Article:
There is no need to argue the relevance of the study of the halogenation reactions. Alkyl halides are common and useful intermediates in organic synthesis and there are thousands of halogenated natural products with potential biological activity. But curiously and despite the chlorination of olefins is a well-known text book reaction, a general enantioselective variant is yet to be discovered. A great contribution to this challenge was the enantioselective olefin dichlorination developed by Snyder and co-workers in their total synthesis of napyradiomycin A1. The reaction requires the use of a stoichiometric chiral borane auxiliary that forms an in-situ complex with the substrate. According to the authors the enantioselectivity of the process can be due to an organizational π-stacking interaction with the substrate favouring the formation of a chloronium ion at the bottom face of the molecule. The chlorinated olefin is obtained with 87% e.e. (95% e.e. only after recrystallization) and that is a tremendous success due to the difficulty of the reaction.
If you think that an enantioselective chlorination reaction promoted by a stoichiometric reagent is hard, try to make it catalytic. That can be just madness:
-It is strictly necessary to minimise the background reaction, chlorinating reagents can add to olefins with no need of a catalyst.
-Even in the case you are able to form enantioselectively the corresponding chloronium intermediate, complete loss of enantioselectivity can occur due to:
a) Chloronium transfer to a free olefin or
b) Non-regioselective nucleophilic opening by a chloride.
The catalytic reaction challenge was admirably accepted by Nicolau and co-workers. Aryl-substituted allylic alcohols were wisely selected as model substrates in an attempt to overcome the difficulties of the reaction. The reaction is expected to occur via benzylic chloronium species that favour a regiocontrolled chloride attack and the hydroxyl group can serve as an anchor to the catalyst via hydrogen bonding rigidifying the system and providing stereocontrol. The reaction is also performed at low temperatures to slow down the background reaction. The best system to promote the catalytic dichlorination reaction was a combination of the cinchona alkaloid derivative (DHQ) 2PHAL (commonly used as a ligand in Sharples’ asymmetric hydroxylation) with p-Ph(C6H4)ICl2 as chlorine source. Although the enantioselectivities obtained were moderate and controlled by substrate design, the work of Nicolau’s group meant a great contribution to the field and there is (I’m completely sure) much more to come in the future.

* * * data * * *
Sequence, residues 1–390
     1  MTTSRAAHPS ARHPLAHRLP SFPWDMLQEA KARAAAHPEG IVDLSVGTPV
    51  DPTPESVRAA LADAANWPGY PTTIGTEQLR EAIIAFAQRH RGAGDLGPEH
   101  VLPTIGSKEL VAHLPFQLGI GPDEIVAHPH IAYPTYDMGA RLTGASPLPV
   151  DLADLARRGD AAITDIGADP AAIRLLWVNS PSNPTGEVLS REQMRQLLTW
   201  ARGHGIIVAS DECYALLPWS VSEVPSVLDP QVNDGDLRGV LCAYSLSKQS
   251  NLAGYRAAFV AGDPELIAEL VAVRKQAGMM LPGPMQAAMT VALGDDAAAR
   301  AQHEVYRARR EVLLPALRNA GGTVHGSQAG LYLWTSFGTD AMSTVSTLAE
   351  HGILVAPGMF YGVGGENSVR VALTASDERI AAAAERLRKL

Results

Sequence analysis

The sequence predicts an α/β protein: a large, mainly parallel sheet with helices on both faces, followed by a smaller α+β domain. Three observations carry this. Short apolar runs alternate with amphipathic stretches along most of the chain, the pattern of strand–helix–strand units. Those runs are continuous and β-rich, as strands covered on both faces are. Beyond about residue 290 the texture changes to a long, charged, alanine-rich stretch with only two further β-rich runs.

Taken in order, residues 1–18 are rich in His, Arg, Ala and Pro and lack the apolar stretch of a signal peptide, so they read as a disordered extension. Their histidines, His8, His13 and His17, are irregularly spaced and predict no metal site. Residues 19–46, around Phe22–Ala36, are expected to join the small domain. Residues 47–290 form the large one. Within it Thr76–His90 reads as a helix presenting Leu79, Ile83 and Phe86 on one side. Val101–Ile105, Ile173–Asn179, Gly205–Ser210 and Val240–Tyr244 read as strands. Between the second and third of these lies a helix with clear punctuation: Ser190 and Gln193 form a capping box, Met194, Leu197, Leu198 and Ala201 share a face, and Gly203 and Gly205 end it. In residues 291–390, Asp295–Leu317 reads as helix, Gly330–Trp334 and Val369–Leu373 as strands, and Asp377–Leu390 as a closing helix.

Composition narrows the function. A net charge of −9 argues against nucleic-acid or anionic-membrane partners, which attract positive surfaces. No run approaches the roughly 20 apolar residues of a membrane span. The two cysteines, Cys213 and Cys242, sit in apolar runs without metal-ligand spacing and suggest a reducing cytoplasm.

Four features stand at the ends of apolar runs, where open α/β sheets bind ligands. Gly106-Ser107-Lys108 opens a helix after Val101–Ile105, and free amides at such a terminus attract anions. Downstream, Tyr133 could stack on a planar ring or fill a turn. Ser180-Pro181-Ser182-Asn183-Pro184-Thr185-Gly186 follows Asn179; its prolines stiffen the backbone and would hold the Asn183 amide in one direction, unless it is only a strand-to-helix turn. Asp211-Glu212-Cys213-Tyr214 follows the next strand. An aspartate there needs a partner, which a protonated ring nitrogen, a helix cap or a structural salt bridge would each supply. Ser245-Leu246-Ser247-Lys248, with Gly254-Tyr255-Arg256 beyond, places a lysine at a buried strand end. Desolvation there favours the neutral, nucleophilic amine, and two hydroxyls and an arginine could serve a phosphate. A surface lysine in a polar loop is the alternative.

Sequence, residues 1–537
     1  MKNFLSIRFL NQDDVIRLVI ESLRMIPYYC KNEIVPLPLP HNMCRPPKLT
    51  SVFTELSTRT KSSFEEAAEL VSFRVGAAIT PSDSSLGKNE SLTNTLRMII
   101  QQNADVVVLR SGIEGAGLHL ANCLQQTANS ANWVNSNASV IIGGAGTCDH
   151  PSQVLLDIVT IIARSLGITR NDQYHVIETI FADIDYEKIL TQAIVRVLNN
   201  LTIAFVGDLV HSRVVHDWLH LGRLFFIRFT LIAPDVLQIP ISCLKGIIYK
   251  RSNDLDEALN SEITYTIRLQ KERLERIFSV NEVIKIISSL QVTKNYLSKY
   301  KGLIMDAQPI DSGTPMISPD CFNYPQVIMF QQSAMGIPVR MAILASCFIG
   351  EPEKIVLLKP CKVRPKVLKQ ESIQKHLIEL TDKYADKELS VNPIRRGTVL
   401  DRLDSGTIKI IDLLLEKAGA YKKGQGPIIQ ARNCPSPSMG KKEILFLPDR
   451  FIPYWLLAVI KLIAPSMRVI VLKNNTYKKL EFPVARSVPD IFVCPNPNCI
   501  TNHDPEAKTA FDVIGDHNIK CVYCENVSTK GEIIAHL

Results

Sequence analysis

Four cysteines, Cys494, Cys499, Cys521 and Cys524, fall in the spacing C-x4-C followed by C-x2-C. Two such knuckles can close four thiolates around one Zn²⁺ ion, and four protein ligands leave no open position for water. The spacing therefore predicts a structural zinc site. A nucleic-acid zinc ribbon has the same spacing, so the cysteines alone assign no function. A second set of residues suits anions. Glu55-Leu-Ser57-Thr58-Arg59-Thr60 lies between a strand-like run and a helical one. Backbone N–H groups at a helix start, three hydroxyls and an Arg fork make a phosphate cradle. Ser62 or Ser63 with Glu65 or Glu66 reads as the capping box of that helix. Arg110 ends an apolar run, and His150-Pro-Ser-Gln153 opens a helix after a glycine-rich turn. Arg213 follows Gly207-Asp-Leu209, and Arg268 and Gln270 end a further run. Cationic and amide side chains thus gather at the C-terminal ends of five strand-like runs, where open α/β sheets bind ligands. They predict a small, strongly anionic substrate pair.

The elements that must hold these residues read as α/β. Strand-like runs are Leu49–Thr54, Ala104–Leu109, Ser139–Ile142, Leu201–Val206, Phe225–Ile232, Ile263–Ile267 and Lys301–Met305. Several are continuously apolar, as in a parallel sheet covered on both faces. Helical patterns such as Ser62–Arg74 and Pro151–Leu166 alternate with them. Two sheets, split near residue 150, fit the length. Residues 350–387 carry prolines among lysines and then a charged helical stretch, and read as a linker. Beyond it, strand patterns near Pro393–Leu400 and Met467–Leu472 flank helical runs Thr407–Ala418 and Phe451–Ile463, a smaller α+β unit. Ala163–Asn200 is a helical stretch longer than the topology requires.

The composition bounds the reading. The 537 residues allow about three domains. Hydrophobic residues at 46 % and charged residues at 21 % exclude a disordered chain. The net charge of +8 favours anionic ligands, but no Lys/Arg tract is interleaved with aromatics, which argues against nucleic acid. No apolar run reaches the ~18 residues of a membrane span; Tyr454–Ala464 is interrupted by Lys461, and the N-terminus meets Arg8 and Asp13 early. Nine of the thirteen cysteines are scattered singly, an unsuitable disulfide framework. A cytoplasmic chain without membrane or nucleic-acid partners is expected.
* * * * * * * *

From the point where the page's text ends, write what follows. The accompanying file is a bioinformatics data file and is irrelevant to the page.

Do you want to know more? Take a look to these papers:
-Scott A. Snyder, Zhen-Yu Tang and Ritu Gupta. Enantioselective Total Synthesis of (−)-Napyradiomycin A1 via Asymmetric Chlorination of an Isolated Olefin. J. Am. Chem. Soc., 2009, 131, 5744–5745.
-K.C. Nicolaou, Nicholas L. Simmons,Yongcheng Ying, Philipp M. Heretsch, and Jason S. Chen. Enantioselective Dichlorination of Allylic Alcohols. J. Am. Chem. Soc. 2011, 133, 8134–8137.
-Mattia R. Monaco and Marco Bella. A Formidable Challenge: Catalytic Asymmetric Dichlorination. Angew. Chem. Int. Ed. 2011, 50, 2–5.